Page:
China - Statement by the Ministry for Europe and Foreign Affairs Spokesperson (24 April 2023)


The Minister for Europe and Foreign Affairs’ Principal Private Secretary hosted a long-planned meeting today with the Chinese Ambassador to France, Mr Lu Shaye.

At the Minister for Europe and Foreign Affairs’ request, the Principal Private Secretary reviewed the appalling remarks made in public by Mr Lu Shaye on 21 April, in particular his assertion that “the countries of the former Soviet Union don’t have effective status under international law because there is not an international agreement confirming their status as sovereign nations.”

He stressed that is it unacceptable to question respect for the sovereignty, independence and territorial integrity of all States – basic principles of the United Nations Charter, which is incumbent on everyone. In this regard, he pointed out that the whole international community, including the People’s Republic of China, has recognized, within their existing borders, the 15 States which acquired or restored their independence after the break-up of the Soviet Union through bilateral agreements and then by establishing or restoring diplomatic relations with all the States concerned.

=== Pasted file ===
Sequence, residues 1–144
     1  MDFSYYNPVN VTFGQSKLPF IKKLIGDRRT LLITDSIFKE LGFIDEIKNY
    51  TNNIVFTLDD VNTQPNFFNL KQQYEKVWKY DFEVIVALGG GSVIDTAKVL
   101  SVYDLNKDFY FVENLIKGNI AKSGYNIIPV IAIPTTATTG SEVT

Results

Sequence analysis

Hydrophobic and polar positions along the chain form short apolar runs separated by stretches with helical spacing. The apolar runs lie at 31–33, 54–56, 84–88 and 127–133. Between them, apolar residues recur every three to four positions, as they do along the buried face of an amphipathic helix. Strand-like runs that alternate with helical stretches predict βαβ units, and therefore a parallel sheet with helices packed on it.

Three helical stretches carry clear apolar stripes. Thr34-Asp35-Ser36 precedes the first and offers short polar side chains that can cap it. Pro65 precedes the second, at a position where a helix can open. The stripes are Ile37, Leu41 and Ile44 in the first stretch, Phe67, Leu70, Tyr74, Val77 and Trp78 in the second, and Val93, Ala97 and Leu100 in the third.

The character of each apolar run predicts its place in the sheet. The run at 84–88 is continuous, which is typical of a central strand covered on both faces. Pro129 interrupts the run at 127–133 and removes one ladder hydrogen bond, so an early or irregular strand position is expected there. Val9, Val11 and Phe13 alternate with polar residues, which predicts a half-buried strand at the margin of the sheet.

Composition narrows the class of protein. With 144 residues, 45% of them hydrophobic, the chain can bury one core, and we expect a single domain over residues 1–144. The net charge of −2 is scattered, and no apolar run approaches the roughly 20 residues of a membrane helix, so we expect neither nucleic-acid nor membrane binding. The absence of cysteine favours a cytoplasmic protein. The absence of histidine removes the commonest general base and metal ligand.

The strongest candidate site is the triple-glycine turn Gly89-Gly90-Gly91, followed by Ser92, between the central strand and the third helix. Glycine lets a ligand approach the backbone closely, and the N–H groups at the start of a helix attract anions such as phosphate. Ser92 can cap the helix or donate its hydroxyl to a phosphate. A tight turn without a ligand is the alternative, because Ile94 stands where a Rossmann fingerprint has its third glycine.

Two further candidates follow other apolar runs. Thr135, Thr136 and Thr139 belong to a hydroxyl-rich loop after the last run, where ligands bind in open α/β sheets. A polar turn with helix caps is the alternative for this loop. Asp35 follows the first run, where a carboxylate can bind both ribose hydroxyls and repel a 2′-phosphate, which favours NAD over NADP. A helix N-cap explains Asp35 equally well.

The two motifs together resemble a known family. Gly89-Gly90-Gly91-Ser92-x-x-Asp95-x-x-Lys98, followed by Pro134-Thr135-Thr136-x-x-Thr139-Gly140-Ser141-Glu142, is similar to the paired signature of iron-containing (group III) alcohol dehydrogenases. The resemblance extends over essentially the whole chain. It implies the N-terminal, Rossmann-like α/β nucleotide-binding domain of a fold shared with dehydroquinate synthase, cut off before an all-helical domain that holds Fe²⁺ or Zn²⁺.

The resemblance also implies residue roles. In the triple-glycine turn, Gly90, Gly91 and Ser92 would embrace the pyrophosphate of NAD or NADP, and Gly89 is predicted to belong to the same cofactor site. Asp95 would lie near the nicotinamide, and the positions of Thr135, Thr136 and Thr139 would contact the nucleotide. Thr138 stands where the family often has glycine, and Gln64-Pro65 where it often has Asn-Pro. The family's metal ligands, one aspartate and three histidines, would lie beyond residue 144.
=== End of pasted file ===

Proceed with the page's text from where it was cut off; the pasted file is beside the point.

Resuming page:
More specifically in the case of Ukraine, on the fall of the USSR it was recognized internationally in its borders, including Crimea, by the whole international community, including China, as a new United Nations member State. China also recognized the validity of the Budapest Memorandum of 4 December 1994, publishing on the same day a national declaration providing Ukraine with security guarantees.

Noting the clarifications made today, 24 April, by the Chinese Ministry of Foreign Affairs recalling China’s official position, and stating that the remarks by the Chinese Ambassador to France were expressed in a personal capacity, the Minister for Europe and Foreign Affairs’ Principal Private Secretary called on him to ensure that his public statements are in line with his country’s official positions.